Year Released: 2005
MPAA Rating: Unrated
Running Time: 100 minutes
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Actors can be an annoying lot, as any crew person worth his or her salt will tell you. Demanding, difficult, demeaning and dismissive towards their counterparts on the opposite side of the camera, these moving props add an all-too human element to any well-oiled production machine. Unfortunately, they’re also the reason people go to the movies, so us working stiffs behind the camera are stuck with ‘em. After all, when was the last time you went to a movie to check out the work of the Key Grip?
As irritating as actors can be in general, child actors add a whole new level to on-set aggravation. At least the adult actors have been around long enough and paid enough dues to earn the right to be such pains in the ass. Not so the kids, however. Not even a bona fide child star like Taylor Brandon Burns (Mark Rendall). An internationally recognized superstar, thanks in large part to a hugely popular television sitcom, Taylor is now on the cusp of puberty, and the Hollywood studio hacks are desperate to milk their pre-teen cash cow one last time before dumping him like day-old bread. As such, Taylor finds himself cast in the insipid red, white, and blue-draped action flick “The American Son”… to be filmed in Canada.
Not that this is any concern to Rick (director Don Kellar, in a wonderfully sardonic role). Rick produces, directs, photographs, and edits his own Super 8mm art films when he’s not mourning the break-up of his marriage, teaching college film classes, or, in this case, moonlighting as a limo driver for the studio.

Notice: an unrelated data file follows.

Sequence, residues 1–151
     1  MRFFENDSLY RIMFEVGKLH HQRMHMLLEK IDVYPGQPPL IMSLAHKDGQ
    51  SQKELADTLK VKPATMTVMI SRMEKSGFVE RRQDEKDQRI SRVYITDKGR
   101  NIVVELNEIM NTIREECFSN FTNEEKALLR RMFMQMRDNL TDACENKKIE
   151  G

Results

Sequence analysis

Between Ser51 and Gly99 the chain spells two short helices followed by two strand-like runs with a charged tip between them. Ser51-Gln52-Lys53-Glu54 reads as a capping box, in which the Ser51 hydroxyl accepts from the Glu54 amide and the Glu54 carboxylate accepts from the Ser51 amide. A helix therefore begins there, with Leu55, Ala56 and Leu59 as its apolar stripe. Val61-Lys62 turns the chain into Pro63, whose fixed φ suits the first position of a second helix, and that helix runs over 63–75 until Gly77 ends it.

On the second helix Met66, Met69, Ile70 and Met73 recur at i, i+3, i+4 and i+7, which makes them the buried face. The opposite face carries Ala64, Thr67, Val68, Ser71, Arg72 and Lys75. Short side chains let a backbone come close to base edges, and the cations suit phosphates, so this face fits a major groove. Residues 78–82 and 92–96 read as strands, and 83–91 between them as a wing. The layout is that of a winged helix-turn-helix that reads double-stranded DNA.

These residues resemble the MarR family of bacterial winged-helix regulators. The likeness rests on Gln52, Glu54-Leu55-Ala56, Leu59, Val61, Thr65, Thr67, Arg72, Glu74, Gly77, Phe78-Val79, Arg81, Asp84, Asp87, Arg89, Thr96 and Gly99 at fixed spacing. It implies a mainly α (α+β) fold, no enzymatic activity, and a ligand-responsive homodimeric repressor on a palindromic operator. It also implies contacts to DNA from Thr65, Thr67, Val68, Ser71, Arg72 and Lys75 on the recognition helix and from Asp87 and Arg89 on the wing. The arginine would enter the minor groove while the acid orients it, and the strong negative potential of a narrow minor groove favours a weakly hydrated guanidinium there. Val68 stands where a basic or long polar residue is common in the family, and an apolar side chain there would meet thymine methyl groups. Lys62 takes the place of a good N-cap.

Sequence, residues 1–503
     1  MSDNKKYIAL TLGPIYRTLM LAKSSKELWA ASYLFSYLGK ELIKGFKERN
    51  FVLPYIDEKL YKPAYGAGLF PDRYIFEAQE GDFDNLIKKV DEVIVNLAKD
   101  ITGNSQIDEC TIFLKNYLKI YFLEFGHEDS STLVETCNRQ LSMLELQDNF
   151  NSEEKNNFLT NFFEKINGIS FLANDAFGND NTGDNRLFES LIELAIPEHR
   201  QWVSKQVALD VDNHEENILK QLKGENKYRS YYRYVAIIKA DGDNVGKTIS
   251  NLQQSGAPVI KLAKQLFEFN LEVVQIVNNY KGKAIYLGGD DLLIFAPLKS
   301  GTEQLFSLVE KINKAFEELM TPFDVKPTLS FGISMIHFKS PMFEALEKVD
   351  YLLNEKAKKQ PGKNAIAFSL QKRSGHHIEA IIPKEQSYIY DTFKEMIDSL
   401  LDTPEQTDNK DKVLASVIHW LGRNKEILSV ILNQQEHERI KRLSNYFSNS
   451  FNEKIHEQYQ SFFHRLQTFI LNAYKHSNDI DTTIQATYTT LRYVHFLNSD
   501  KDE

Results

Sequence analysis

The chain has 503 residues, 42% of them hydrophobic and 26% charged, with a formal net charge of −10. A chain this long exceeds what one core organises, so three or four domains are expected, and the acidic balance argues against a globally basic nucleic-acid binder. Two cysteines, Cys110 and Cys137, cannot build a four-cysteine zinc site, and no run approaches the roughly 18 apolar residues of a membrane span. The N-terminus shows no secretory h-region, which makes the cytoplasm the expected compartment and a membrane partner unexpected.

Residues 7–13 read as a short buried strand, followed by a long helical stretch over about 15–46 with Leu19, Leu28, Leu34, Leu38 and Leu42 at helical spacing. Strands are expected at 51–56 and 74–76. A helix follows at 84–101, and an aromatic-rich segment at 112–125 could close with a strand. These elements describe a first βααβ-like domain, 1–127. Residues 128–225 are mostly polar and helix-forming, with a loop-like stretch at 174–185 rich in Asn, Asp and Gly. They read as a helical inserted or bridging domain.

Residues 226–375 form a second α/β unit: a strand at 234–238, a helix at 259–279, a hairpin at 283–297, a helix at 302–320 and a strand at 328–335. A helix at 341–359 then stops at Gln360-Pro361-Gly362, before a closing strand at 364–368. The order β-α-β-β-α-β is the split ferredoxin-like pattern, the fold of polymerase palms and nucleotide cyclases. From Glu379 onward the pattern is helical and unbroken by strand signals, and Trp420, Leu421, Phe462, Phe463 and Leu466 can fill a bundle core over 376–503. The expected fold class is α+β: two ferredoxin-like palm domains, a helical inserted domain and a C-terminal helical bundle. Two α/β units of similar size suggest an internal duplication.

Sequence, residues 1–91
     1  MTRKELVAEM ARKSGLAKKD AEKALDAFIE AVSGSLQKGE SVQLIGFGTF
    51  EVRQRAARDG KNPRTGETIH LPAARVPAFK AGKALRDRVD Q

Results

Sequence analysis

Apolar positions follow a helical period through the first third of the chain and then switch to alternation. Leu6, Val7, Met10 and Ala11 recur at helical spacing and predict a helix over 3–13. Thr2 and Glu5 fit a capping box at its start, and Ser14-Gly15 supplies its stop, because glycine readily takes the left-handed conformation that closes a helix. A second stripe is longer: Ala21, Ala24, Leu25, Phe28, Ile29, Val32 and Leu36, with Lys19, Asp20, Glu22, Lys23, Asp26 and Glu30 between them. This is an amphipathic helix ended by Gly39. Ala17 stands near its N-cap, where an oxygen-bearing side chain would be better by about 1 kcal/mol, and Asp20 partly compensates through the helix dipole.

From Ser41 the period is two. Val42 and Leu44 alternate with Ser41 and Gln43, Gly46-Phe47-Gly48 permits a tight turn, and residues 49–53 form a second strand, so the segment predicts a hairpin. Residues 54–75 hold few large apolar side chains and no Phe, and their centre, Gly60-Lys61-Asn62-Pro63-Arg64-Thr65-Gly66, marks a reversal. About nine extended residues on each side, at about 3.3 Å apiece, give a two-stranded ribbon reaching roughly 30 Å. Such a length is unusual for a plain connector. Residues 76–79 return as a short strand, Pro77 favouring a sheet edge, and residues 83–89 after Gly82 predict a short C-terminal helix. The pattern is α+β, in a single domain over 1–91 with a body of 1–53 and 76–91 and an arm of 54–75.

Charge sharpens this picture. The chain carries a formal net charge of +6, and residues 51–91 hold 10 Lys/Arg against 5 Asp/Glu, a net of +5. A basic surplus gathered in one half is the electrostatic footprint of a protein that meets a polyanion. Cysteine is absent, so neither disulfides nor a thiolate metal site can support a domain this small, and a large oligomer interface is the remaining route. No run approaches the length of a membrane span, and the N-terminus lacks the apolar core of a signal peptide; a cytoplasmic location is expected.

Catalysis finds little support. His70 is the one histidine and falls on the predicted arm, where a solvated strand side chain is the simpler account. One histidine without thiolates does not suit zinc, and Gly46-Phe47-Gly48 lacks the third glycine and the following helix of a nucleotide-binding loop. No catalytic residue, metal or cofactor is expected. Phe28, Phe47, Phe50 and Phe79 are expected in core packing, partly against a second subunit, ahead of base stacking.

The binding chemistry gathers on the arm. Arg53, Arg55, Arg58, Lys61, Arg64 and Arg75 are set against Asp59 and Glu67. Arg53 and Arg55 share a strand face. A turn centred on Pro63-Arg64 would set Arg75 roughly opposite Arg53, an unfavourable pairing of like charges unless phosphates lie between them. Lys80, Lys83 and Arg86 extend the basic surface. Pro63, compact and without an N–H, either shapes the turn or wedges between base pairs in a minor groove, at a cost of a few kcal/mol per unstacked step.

It’s doing this last gig that Rick meets the uber-obnoxious young star and his sexy, pragmatic stage mom (Jennifer Jason Leigh). Once Taylor realizes that he can’t demean the well-grounded driver and can’t control him or drive him away like he does everyone else — it helps that Rick’s sleeping with his mom — Taylor and Rick’s once mutually-hostile relationship gradually melts into something approaching tolerance, with occasional flashes of affection even peeping through. And when Taylor goes AWOL from the set after a night on the town with a perky and ambitious model/actress/prostitute, it’s up to Rick as Taylor’s surrogate father to find the precocious young star and save not only his career, but perhaps even his life as well.
A little too obvious and painting with overly broad brush strokes for its own good, “Childstar” nonetheless does a nice job portraying the perils of a child star’s life. While the film gleefully blasts away at the Hollywood mentality and the dumbed down inanity of it all, director Kellar’s funny farce somehow manages to succeed as a coming-of-age buddy movie of sorts as well.
Rendall, Leigh, and especially Kellar all turn in stellar performances in this crisply written and conceived almost-parody. And rest assured that, thanks to Rick’s resolute meddling, Taylor Brandon Burns will somehow survive his child star days…and grow up to be just as annoying as an adult actor.
Posted on March 19, 2005 in Reviews by Merle Bertrand
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